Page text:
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Is it my house wiring?

Discussion in 'Pickups & Electronics [BG]' started by JellinWellen, Dec 21, 2013.

  1. So lately I've noticed my noise and hum increases substantially depending on where I stand in the room. The worst places for me to stand are:

    Next to light-switches
    Right next to walls that have light-switches installed into them
    My amp (I get a major jump in idle hum the closer I stand to my amplifier head).

    My question is, is this due to an issue with my house wiring? Because at music stores I can't get a peep out of my bass. Regardless of volume level. If it is my wiring, is there any way to combat it? Thanks.
  2. Anyone?
  3. tmdazed


    Sep 29, 2012
    do you have florescent fixtures or dimmers wired up in the circuit?
  4. Nope, although I just moved my rig out of the room and into the middle of the hallway and plugged it in there. At least 95% quieter on all accounts. I walked back through the door with my bass plugged into the hallway rig and as soon as I stepped through the doorway I heard the noise get louder from there.

    The light switches and walls in the hallway do nothing in terms of noise. Same goes for being really close to my amp head.
  5. jastacey


    Feb 8, 2009
    How old is the house?
  6. Not too old, 20-23 years old. Mid 90s I believe
  7. uOpt


    Jul 21, 2008
    Boston, MA, USA
    What kind of bass, pickups and shielding in the bass?
  8. P Town

    P Town

    Dec 7, 2011
    Is your bass shielded?

    Is your house haunted?
  9. knarleybass

    knarleybass Commercial User

    Apr 6, 2005
    Tustin, CA
    Owner of Ulyate Instruments
    I would say it's the wiring in the house, or it could be that you are close to the power pole transformer
  10. The room is adjacent to the breaker right outside, but I don't remember if the transformer is there or in the backyard.

    My bass is a precision and yeah everything is shielded and grounded on my bass. It could probably use some more/better shielding but it seems to just be sensitive to that room and certain others for the most part.
  11. Jim C

    Jim C Spector#496:More curves than Sophia + better sound Supporting Member

    Nov 29, 2008
    Odd for a Precision as the dual pup acts as a humbucker.

    Here's one for you all though.
    I just moved into a remodeled house with 2-200 amp panels, and a full set of inspections.
    Ive had this 72 J bass for a long time and haven't played it for a few years.
    Just fell in love with it again.
    It sounds reasonably quiet with 1 pup in the 1940's rehearsal house with a single 100 amp service and non-grounded outlets.
    It sounded the same at my old house (circa 1965) with grounded outlets.
    It buzzes like a chainsaw here (same amps have been tried at all locations).
    No dimmers or florescent (including CFL's) turned on in the basement where I practice.
    I can only assume RF. It is quiet with both pups up.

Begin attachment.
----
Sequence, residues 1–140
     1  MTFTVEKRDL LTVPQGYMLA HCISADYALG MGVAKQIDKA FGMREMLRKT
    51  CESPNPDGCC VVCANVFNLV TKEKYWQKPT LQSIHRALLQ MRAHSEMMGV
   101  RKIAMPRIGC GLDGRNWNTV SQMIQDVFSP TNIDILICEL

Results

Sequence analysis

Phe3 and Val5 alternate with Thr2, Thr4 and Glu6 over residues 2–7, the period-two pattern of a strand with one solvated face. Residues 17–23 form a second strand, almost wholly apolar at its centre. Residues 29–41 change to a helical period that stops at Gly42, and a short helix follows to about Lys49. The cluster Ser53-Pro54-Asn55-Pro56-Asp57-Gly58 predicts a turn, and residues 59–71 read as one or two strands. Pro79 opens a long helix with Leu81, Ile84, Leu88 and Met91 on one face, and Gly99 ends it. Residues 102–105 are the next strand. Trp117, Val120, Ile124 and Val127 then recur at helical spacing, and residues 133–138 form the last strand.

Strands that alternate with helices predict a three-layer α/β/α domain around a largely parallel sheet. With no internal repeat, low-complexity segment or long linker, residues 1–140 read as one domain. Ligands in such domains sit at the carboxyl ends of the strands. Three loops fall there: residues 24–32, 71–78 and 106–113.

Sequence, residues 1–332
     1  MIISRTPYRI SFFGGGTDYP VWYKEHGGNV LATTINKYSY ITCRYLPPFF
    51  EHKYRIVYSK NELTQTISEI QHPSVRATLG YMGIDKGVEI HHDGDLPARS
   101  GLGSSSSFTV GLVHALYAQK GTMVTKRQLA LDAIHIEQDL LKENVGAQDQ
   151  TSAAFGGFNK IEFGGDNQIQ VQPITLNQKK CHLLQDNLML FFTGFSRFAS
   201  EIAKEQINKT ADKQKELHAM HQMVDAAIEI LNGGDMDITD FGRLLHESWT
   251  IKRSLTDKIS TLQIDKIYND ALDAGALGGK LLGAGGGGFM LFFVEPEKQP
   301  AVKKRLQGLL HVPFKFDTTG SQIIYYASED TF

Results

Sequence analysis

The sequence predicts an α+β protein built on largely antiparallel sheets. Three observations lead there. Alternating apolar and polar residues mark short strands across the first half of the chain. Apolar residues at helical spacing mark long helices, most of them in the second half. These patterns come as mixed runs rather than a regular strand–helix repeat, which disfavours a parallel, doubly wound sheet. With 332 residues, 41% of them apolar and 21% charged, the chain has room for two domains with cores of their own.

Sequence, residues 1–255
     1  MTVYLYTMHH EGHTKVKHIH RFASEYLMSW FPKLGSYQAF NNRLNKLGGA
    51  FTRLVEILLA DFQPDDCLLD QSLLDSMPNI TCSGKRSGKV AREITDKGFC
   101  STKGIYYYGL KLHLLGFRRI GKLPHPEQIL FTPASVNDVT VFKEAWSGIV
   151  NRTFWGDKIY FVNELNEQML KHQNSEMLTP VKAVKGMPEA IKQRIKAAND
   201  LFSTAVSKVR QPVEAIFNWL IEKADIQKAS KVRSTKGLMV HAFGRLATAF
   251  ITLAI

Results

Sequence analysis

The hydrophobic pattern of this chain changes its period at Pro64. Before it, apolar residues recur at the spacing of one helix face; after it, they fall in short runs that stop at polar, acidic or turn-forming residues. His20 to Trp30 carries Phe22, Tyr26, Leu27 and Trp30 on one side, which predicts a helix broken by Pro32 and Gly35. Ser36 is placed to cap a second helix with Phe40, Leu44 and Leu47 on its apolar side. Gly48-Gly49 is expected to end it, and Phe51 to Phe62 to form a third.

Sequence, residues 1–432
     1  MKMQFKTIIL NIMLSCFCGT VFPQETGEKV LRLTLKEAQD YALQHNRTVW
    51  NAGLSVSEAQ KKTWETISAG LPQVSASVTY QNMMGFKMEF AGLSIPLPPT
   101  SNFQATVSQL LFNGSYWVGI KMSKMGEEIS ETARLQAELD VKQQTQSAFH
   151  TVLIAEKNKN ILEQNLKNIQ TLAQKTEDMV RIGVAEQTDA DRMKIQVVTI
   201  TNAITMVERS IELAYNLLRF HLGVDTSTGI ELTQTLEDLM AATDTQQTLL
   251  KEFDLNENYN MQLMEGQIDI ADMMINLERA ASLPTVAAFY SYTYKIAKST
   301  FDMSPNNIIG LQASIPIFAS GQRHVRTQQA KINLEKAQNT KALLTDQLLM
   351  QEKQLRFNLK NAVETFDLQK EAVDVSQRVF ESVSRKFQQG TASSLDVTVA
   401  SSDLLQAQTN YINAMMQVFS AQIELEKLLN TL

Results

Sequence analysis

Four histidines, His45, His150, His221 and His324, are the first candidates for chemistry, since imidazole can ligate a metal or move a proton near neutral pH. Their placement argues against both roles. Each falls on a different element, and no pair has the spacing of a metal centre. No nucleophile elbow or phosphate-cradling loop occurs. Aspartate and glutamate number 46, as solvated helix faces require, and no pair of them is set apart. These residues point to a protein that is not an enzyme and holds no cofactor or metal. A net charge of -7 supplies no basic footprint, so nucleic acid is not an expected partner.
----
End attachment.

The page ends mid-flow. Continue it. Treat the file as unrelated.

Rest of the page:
For you EE's; is it possible that there is that much noise on the line coming in?
    Would finding a circuit on the other side of the buss bar potentially help?
  12. MrLenny1


    Jan 17, 2009
    AC Circuits may not be grounded. Possible miswire in the switch box.
    An easy way to check is a 115 VAC outlet tester.
    Home Depot, $15 or so. Just plug it in ,LED's tell you
    whats going on.
    Great tool for any gigging musician.
  13. Ill have to grab one and see about it this weekend
  14. BlueTalon

    BlueTalon Happy Cynic

    Mar 20, 2011
    Spokane, Washington
    Endorsing Artist: Turnstyle Switch
    So if your amp is plugged in in the room, and you are standing in the room with your bass, it makes noise, but when you leave the room, the noise decreases -- and when you have the amp plugged in in the hallway, and you're standing in the hallway, it doesn't make much noise, but when you walk into the room, the noise increases?

    Have I got that right?
  15. Yes you've got it right, the noise does increase when I walk back into the room. Although it still isn't as loud as when the amps in there as well.
  16. 1954bassman


    Jun 7, 2004
    Hickory, NC
    1- you have tried a different cord, right?
    2 - could be the bridge ground wire has come disconnected.
  17. ahc


    Jul 31, 2009
    No. Virginia
    It's the NSA.

  18. kohntarkosz

    kohntarkosz Banned

    Oct 29, 2013
    Edinburgh - Scotland

    More seriously... amps can be quite noisy. My Ashdown head has a fan in it, and single coils pick up the motor noise no problem. Even an amp without a fan will produce some noise. Sit your bass on top of your amp when it is all plugged in and running. I imagine inadequately shielded wiring in the walls will be noisy as well. I used to be able to pick up CRT monitors as well, when they were still in vogue.
  19. RF can be a real problem. I live about a mile from a major FM and TV transmission tower in Seattle and have had severe trouble, including a G&L L-2000 that picked up the local NPR station! Most of the time it has been fixable with improved shielding and grounding in the instrument, but sometimes it couldn't be eliminated completely. Active electronics seem to cause the most trouble. I've notice the noise changes depending on which direction I face while playing. You may have to use a different bass to eliminate the problem.
  20. jastacey


    Feb 8, 2009
    Is the main panel box on any of the walls? ..... if it is, it could be all the wiring home runs, are converging to that point and with all those circuits fanning out from the breaker panel, makes for a very electrical noisy place